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When should trading on inside info stay hidden?

Answer: When you’re a federal employee:

The U.S. House on Friday eliminated a key requirement of the insider trading law for most federal employees [ed: the 2012 STOCK Act], passing legislation exempting these workers, including congressional staff, from a rule scheduled to take effect next week that mandated online posting of financial transactions…

One advocacy group pushing for greater government transparency blasted the move, saying it “guts” the law…

To be precise: Federal employees would still have to report trades. But mainly to Big Brother. Not in a form that would let the proverbial Army of Davids (online citizen-journalists) catch inside trades.

But hey, at least we know now what the ‘gun control’ drama is about:

The House vote followed similar action by the Senate Thursday. The votes were done with little notice and came at a time when most people were paying attention to the Senate’s work on high profile issues like guns and immigration.

Hat tip, Zero Hedge.

UPDATE: The IRS is now watching your transactions; even your eBay auctions and Facebook updates.

Here’s the thing. As America has devolved into a social-fascist state these last several decades, we have increasingly developed a presumption that government employers can spy on monitor the taxpayers. But, taxpayers monitoring the government employees? Perish the thought! Repeal it by a unanimous vote of Congress, with Obama signing the repeal swiftly! That’s the opposite of what the American Revolution was fought for.

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11 Comments

  1. Reporting to Big Brother is not really reporting at all. Trades by government employees need to be reported to the people.

    I’ll enjoy the peace and quiet on this thread. It isn’t about a social issue, so the social responsible conservatives, or the Realists, or whatever they’re calling themselves today, will stay off of it.

    Comment by Lori Heine — April 15, 2013 @ 2:37 pm - April 15, 2013

  2. Right you are Lori. ILC, for me this is infuriating. I can’t sneeze without a regulator getting in my face. I can’t use yellow highlite or hand write a big X to indicate where to sign a form without violating a rule, yet these pissant politicians and their sycophants can get away with what what put Ivan in jail!! http://en.wikipedia.org/wiki/Ivan_Boesky

    Comment by mixitup — April 15, 2013 @ 4:36 pm - April 15, 2013

  3. I watched the Boston Marathon coverage and the NBC commentator was already implying the blasts were the work of a ‘home-grown source’. (The NY Post is reporting that the suspect is a Saudi national.)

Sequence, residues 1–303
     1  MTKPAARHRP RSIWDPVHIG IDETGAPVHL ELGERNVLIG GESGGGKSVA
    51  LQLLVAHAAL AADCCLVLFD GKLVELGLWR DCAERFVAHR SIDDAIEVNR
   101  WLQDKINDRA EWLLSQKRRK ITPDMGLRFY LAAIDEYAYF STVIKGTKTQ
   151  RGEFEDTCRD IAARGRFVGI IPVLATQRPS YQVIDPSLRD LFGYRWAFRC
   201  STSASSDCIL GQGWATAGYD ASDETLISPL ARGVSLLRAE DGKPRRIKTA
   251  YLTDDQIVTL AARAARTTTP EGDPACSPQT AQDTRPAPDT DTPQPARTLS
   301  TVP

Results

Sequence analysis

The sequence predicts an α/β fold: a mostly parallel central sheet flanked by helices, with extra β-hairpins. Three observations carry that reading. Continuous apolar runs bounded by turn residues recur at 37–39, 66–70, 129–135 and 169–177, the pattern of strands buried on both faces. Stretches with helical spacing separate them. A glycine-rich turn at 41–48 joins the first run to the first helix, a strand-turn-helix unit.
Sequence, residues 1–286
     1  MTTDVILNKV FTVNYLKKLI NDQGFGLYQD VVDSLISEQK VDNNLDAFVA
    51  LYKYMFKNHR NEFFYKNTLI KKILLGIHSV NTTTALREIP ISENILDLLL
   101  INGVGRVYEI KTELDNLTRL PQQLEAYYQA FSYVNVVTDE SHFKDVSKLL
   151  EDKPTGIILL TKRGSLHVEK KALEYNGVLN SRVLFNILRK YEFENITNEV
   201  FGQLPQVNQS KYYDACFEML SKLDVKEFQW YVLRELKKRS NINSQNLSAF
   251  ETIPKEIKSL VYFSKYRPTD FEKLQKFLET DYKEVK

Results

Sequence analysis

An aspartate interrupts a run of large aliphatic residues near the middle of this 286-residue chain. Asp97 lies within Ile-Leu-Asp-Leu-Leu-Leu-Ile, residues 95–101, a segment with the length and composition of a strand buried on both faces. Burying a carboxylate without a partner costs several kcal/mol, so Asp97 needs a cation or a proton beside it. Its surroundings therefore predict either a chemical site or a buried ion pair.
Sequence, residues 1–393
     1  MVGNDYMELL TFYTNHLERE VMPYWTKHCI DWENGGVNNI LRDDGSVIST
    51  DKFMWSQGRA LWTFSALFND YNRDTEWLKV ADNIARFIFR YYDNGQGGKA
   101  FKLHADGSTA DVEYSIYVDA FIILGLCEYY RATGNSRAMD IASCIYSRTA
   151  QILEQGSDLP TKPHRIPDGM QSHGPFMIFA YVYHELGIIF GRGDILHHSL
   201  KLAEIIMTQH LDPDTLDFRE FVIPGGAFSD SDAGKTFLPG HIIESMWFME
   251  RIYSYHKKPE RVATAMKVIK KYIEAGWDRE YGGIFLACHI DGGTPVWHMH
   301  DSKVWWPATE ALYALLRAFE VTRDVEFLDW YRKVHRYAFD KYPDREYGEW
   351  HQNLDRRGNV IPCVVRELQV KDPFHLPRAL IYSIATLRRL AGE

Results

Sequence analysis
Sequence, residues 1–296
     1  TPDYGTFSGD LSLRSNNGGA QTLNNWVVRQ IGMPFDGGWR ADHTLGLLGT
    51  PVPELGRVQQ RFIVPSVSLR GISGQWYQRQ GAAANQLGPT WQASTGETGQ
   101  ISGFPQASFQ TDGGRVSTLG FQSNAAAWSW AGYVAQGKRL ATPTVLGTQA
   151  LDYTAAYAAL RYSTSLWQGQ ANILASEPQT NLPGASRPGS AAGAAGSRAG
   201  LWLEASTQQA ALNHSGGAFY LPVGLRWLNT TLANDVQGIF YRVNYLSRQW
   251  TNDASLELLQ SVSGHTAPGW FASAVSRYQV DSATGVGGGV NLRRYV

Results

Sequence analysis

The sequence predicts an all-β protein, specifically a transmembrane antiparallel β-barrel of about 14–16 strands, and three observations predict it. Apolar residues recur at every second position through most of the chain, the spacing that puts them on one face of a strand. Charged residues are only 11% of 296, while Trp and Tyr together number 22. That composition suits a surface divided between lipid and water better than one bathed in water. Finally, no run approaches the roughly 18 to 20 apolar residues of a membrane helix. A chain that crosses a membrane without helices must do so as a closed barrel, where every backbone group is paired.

Comment by Ignatius — April 15, 2013 @ 5:17 pm - April 15, 2013

  4. Congress should not be able to exempt themselves from laws they inflict on the rest of us. Insider trading is how so many of them become wealthy on a congressional salary. They should have to live with social security, Medicare and the horror of Obamacare. They are not our rulers although they sure act like they are nobility.

    Comment by Texann — April 15, 2013 @ 6:07 pm - April 15, 2013

  5. Trades by government employees political appointees need to be reported to the people.

    Personally that is how I would re-write that. Regular federal employees should have the same right as anyone else not to have their personal financial information posted on a public website, beyond their obvious salary data commensurate with their grade. (Assuming those of us in the private sector have that right as well.)

    Political appointees, OTOH, can suck it. You want that power, that should be part of the price you pay. And I second Texann’s comment re: congressional exemptions.

    Comment by Neptune — April 15, 2013 @ 10:13 pm - April 15, 2013

  6. Neptune: I see your point. However, it is still possible for the average government employee to have access to “inside info” and trade on it. What do we do about that?

    I don’t have a ready answer. I haven’t thought it through, as to what is the right degree of exposure or the right line to draw. That said, there is a reason it is called “public service”; it should come with some sort of expectation that the gov’t employee is not going to be corrupt, and as well, some means for ordinary taxpayers to monitor (at their initiative) for corruption.

    Comment by ILoveCapitalism — April 15, 2013 @ 10:52 pm - April 15, 2013

  7. ILC, I think that’s the harder question, and I completely understand your concern. I wish I had a good answer. There are rules against it, at least in the acquisition community where contracting personnel have ready access to what would be considered “material, non-public information”. But other employees who know those things? Not sure where the right balance is.

    Comment by Neptune — April 16, 2013 @ 9:45 am - April 16, 2013

  8. I just want to plug the idea that it is taxpayers who should be watching the government. Enough of government watching the taxpayers.

    Comment by ILoveCapitalism — April 16, 2013 @ 10:42 am - April 16, 2013

  9. Now that, good sir, is an idea I fully support. ;)

    Comment by Neptune — April 16, 2013 @ 11:01 am - April 16, 2013

  10. I just heard about this duplicitous crap today on NPR. I wish I could say I am surprised, but I guess I’m surprised that it took this long for them to find away around STOCK.

    Comment by Sonicfrog — April 16, 2013 @ 8:48 pm - April 16, 2013

  11. In fairness, there is one legitimate reason to keep this information private. There are some online brokerage accounts where the password reset procedure asks which securities in the account. I’d be very reluctant to disclose such information. Even if it only helps with the easiest part of a complex illegal act.

    Comment by Ckassically Liberal Dave — April 19, 2013 @ 7:32 am - April 19, 2013

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